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Seek ye first the kingdom of God, and his righteousness; and all these things shall be added unto you. – Mt 6:33

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  • "Religion is not a Technology!" - There needs to be a personal relationship there. - Father Ted Tyler
    If the close relationship between the Last Supper and the mystery of Jesus' death on the Cross is emphasized on Holy Thursday, today, the Feast of Corpus Christi, with the procession and unanimous adoration of the Eucharist, attention is called to the fact that Christ sacrificed himself for all humanity. His passing among the houses and along the streets of our city will be for those who live there an offering of joy, eternal life, peace and love.

    In the Gospel passage, a second element catches one's eye: the miracle worked by the Lord contains an explicit invitation to each person to make his own contribution. The two fish and five loaves signify our contribution, poor but necessary, which he transforms into a gift of love for all.

    "Christ continues today" I wrote in the above-mentioned Post Synodal Exhortation, "to exhort his disciples to become personally engaged" (Sacramentum Caritatis, n. 88).

    Thus, the Eucharist is a call to holiness and to the gift of oneself to one's brethren: "Each of us is truly called, together with Jesus, to be bread broken for the life of the world".

    source: vatican.va


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  • Loving Means Acting Like The Good Samaritan

    Today, for example, the liturgy invites us to reflect on the famous Parable of the Good Samaritan (cf. Lk 10: 25-37), which introduces us into the heart of the Gospel message: love for God and love for neighbour. But the person speaking to Jesus asks: who is my neighbour? And the Lord answers by reversing the question and showing through the account of the Good Samaritan that each one of us must make himself close to every person he meets: "Go and do likewise" (Lk 10: 37).

    Loving, Jesus says, means acting like the Good Samaritan. And we know that he himself is the Good Samaritan par excellence; although he was God, he did not hesitate to humble himself to the point of becoming a man and giving his life for us.

    Love is therefore the "heart" of Christian life; indeed, love alone, awakened in us by the Holy Spirit, makes us Christ's witnesses.
    source:vatican.va


  • Texts of St. Josemaría:

    Our Lady was a guest at one of those noisy country weddings attended by people from many different villages. Mary was the only one who noticed the wine was running out. Don’t these scenes from Christ’s life seem familiar to us? The greatness of God lives at the level of ordinary things. It is natural for a woman, a homemaker, to notice an oversight, to look after the little things that make life pleasant. And that is how Mary acted.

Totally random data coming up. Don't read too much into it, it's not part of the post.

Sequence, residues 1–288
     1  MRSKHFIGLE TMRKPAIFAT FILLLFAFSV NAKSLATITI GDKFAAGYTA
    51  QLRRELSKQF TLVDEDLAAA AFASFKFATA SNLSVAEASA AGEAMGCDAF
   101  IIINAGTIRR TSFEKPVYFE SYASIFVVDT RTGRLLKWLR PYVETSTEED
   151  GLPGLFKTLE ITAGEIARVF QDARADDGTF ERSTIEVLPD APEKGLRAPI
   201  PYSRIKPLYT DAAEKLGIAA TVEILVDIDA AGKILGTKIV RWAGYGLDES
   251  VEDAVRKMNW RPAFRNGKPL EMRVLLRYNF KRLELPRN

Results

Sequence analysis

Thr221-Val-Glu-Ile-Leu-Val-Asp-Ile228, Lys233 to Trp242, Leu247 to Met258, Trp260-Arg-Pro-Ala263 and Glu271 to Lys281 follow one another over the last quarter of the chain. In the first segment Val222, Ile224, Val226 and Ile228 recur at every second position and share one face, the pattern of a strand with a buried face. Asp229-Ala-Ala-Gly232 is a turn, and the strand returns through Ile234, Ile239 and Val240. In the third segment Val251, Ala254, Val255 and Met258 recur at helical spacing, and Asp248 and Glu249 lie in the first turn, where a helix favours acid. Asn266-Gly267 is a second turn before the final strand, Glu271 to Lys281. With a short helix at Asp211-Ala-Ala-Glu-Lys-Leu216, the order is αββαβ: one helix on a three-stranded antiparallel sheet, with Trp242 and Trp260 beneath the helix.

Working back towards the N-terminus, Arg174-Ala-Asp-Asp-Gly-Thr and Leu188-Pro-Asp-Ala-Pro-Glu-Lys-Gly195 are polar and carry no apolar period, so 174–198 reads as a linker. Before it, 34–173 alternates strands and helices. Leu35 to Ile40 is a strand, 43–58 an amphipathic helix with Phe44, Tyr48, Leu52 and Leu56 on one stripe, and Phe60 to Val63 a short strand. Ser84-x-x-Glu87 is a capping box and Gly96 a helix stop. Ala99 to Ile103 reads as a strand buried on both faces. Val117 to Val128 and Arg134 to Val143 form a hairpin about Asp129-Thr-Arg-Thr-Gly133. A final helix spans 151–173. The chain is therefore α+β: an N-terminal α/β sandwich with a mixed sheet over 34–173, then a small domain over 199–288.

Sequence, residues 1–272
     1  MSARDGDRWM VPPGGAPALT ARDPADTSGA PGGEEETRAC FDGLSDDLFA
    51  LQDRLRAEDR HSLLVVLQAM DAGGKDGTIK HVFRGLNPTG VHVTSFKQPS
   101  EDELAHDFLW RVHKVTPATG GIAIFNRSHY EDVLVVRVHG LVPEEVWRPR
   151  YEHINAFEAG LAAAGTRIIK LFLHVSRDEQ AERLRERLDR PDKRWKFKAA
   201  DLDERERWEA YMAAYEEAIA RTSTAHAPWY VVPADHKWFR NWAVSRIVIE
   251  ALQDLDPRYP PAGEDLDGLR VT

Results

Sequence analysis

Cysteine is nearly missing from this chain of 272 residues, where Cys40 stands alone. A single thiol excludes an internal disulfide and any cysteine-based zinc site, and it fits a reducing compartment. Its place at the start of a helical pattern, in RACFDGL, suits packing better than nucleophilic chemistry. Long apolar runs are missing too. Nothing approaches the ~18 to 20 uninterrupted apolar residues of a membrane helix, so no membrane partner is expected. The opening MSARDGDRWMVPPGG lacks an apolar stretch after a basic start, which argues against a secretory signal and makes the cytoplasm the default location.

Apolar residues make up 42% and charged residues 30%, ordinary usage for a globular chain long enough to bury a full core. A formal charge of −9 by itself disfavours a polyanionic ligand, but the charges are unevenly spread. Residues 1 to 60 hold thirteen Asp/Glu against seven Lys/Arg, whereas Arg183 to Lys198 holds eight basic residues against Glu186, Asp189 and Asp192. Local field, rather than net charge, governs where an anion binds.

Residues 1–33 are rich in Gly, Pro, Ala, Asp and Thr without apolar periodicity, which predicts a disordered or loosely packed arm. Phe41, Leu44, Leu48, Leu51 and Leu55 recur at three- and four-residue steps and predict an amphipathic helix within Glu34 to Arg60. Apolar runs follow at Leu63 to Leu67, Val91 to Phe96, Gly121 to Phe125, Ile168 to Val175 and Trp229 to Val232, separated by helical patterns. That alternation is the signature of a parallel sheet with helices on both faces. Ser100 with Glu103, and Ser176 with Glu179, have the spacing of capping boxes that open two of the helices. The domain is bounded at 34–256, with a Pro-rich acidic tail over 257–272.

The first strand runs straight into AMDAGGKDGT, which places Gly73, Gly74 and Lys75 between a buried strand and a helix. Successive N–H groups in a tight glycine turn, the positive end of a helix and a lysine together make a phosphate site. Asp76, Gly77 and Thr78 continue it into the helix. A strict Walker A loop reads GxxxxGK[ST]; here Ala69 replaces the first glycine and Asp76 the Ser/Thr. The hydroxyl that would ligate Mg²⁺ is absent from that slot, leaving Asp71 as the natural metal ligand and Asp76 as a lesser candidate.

“Do whatever he tells you.” (John 2:5)

    If our faith is weak, we should turn to Mary. Because of the miracle at the marriage feast at Cana, which Christ performed at his Mother’s request, his disciples learned to believe in him (cf. John 2:11). Our Mother is always interceding with her Son so that he may attend to our needs and show himself to us, so that we can cry out, “You are the Son of God.”

    Grant me, dear Jesus, the faith I truly desire. My Mother, sweet Lady, Mary most holy, make me really believe! (Holy Rosary–Appendix, Wedding Feast at Cana)

    The Christian apostolate — and I’m talking about an ordinary Christian living as just one more man or woman among equals — is a great work of teaching. Through real, personal, loyal friendship, you create in others a hunger for God and you help them to discover new horizons — naturally, simply. With the example of your faith lived to the full, with a loving word, which is full of the force of divine truth.

    Be daring. Count on the help of Mary, queen of apostles. Without ceasing to be a mother, Our Lady is able to get each of her children to face his own responsibilities. Mary always does the immense favor of bringing to the cross, of placing face to face with the example of the Son of God, those who come close to her and contemplate her life. It is in this confrontation that Christian life is decided. And here Mary intercedes for us so that our behavior may lead to a reconciliation of the younger brother — you and me — with the firstborn Son of the Father.

    Many conversions, many decisions to give oneself to the service of God have been preceded by an encounter with Mary. Our Lady has encouraged us to look for God, to desire to change, to lead a new life. And so the “Do whatever he tells you” has turned into real self-giving, into a Christian vocation, which from then on enlightens all our personal life. (Christ is Passing By, 149)

    opusdei.us

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  • The people who walked in darkness have seen a great light